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View Diary: The Frogs are Dying (97 comments)

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  •  I've been a pretty passionate frog and toad (7+ / 0-)

    and tadpole collector since I was a kid, and now that I'm grown up and have the responsibility of maintaining a school
    nature center which I designed, I monitor our tadpole and frog population every year, and occasionally add a few native frog and/or toad tadpoles or adults when I see them in the wild (nothing endangered or rare). I saw no tadpole population in the garden last year, although every year our tree frog (now "chorus frog") population produced tadpoles for at least a decade. (We have several artificial vernal pools or "ditches" or "road ruts" in the garden to attract the population.) I hope it's just the semi-drought situation in SoCal over the last year or so, and not something else.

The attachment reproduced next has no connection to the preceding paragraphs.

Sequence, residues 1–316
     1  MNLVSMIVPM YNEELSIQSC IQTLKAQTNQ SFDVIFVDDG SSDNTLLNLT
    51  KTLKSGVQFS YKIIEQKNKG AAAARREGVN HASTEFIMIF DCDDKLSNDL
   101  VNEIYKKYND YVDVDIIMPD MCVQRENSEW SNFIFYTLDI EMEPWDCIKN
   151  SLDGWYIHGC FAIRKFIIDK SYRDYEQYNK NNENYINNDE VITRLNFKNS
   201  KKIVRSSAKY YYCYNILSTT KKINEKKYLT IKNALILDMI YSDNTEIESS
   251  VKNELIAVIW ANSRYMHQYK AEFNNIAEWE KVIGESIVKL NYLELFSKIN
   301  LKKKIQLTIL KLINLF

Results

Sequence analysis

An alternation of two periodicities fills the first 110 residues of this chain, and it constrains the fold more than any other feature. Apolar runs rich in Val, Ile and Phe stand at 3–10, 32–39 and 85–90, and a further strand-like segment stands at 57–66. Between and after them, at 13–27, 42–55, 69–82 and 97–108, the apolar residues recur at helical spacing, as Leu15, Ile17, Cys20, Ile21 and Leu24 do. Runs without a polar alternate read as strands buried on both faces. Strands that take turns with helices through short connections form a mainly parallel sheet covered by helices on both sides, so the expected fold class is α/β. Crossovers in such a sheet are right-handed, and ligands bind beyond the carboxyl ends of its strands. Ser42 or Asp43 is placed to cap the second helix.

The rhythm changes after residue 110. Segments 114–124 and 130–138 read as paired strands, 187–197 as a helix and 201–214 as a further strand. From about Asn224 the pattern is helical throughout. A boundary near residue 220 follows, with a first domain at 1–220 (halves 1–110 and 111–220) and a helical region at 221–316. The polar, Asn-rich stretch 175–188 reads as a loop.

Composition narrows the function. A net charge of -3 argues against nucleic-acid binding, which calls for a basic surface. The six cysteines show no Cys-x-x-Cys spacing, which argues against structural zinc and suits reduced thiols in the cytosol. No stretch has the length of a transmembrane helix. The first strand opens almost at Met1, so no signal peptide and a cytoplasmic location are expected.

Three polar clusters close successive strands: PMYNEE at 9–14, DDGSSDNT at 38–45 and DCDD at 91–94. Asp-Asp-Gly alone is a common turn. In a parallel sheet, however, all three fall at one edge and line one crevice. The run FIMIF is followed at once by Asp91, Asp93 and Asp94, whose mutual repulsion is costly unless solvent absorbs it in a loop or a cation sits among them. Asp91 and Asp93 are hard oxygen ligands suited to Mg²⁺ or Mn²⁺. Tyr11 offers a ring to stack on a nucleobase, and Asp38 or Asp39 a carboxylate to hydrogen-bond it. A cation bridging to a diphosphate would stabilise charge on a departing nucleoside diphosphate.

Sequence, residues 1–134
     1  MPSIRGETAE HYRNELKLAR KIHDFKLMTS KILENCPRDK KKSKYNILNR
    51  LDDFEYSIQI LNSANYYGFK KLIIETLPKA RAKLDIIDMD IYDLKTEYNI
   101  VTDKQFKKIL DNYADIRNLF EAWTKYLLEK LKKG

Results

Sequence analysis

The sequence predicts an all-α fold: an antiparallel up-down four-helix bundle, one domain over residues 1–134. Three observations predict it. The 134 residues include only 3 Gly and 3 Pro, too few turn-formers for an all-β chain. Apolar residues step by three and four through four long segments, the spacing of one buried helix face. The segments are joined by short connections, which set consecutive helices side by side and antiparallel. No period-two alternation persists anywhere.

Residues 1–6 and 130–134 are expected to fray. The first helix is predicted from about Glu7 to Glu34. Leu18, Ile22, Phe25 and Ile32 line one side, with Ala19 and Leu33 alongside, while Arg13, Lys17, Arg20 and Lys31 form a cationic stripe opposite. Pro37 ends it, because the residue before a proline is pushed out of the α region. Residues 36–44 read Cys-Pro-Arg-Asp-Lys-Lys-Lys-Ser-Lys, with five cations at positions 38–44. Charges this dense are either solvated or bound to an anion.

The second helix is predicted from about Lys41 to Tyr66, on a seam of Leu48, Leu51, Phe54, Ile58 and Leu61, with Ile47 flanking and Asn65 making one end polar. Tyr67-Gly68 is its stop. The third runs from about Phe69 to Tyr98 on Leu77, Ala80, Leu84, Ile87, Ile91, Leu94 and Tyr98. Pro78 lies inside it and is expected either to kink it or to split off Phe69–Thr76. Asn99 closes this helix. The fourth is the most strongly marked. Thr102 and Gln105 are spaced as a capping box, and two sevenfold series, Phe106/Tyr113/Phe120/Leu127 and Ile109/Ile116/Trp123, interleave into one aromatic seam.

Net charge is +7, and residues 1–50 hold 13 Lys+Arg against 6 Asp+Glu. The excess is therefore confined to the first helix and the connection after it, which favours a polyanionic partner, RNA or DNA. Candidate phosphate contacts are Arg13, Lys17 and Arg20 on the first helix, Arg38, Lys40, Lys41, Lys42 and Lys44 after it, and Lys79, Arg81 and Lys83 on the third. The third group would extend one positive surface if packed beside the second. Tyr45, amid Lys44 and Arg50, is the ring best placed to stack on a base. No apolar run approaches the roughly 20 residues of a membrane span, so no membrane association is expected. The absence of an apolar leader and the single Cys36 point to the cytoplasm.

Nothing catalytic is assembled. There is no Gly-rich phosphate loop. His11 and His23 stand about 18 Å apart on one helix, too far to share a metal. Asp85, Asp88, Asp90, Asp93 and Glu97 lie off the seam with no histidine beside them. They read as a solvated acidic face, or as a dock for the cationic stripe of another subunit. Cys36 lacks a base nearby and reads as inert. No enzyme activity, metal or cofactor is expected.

For about two years now I've been interested in obtaining a "species of special concern" on the west coast of the U.S., the spadefoot toad, Spea hammondi. (I'll have to obtain permission from Fish and Wildlife.) These guys would be isolated in an urban environment surrounded by sidewalks and blacktop. I've no doubt that they originally existed in vernal pools in Long Beach, CA many years ago
    (perhaps even where our "schoolyard habitat" now stands).  Hopefully, a population can thrive here that might escape the fungus, though no area, however isolated from other parts of nature, is safe, probably. If the drought continues, of course, there won't be any lasting vernal pool situations here either. I'm certainly worried about those little guys.

    "They come, they come To build a wall between us We know they won't win."--Crowded House, "Don't Dream It's Over."

    by Wildthumb on Thu Jan 03, 2013 at 07:36:28 PM PST

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